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The Crucible by Arthur Miller - Barron's Booknotes
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We see the depth of Hale's disillusionment and disgust with
himself when he pleads with Elizabeth to get Proctor to confess:

Beware, Goody Proctor-cleave to no faith when faith brings
blood.... Life, woman, life is God's most precious gift; no
principle, however glorious, may justify the taking of it.

Here is another speech that looks like a good candidate for
"author's thematic statement." And it's spoken by the man who's
most like us.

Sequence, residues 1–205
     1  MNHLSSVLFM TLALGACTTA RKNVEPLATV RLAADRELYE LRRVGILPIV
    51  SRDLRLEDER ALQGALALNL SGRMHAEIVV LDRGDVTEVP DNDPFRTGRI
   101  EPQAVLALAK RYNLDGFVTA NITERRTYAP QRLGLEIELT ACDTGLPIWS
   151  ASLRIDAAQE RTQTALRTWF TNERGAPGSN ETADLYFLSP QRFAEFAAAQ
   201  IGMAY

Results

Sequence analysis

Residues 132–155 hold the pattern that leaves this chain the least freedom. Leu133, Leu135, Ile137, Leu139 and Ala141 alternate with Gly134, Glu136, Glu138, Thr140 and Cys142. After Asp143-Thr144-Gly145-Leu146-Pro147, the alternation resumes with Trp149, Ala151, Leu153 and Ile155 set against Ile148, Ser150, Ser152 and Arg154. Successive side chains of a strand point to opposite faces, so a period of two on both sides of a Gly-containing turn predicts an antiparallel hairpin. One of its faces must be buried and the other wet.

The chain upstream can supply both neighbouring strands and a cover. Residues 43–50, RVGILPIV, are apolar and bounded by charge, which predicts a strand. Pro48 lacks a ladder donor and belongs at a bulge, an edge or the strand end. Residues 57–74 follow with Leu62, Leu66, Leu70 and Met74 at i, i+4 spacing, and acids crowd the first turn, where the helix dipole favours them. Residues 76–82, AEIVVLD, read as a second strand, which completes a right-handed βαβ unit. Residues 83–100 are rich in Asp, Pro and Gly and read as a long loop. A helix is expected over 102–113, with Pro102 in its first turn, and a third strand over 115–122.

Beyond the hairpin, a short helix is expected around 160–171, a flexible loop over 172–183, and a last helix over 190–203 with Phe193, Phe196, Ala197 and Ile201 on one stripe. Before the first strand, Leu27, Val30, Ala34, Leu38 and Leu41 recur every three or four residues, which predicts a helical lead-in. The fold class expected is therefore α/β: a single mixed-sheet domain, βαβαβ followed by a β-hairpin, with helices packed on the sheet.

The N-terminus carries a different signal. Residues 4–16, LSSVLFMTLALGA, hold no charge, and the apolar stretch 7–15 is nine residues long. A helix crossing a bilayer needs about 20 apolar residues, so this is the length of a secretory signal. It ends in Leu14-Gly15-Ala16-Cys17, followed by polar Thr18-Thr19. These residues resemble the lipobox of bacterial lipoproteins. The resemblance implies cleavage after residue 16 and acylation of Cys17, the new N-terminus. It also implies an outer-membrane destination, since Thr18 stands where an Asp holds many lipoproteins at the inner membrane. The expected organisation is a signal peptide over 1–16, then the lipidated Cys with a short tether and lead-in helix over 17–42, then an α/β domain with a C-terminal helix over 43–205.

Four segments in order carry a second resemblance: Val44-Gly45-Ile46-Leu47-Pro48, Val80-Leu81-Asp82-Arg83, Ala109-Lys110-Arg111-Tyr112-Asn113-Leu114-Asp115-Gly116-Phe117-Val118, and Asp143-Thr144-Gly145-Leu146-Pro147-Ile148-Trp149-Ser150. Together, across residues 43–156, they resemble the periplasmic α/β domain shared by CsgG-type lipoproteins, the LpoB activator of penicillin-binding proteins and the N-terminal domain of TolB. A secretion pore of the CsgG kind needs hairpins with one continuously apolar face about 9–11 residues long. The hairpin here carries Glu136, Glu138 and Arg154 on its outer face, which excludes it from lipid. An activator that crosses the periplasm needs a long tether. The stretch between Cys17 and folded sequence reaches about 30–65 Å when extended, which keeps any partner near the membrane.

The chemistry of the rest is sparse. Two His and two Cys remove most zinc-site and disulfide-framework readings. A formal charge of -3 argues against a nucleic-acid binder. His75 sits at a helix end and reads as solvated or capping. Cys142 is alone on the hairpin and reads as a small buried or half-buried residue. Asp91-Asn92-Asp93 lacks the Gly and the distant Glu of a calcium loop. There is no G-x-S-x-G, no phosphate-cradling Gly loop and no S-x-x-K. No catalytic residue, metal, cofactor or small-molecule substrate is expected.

But Hale by now is a lost soul. A minister of God, he is
counselling people to lie. How can we have faith anymore in
anything he says? Elizabeth senses this, and tells him, "I think
that be the Devil's argument."

Besides, it's a useless subject to dispute. Elizabeth has more
pressing business on her mind than theological arguments. She
must see her husband one last time. She has something to tell

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The Crucible by Arthur Miller - Barron's Booknotes

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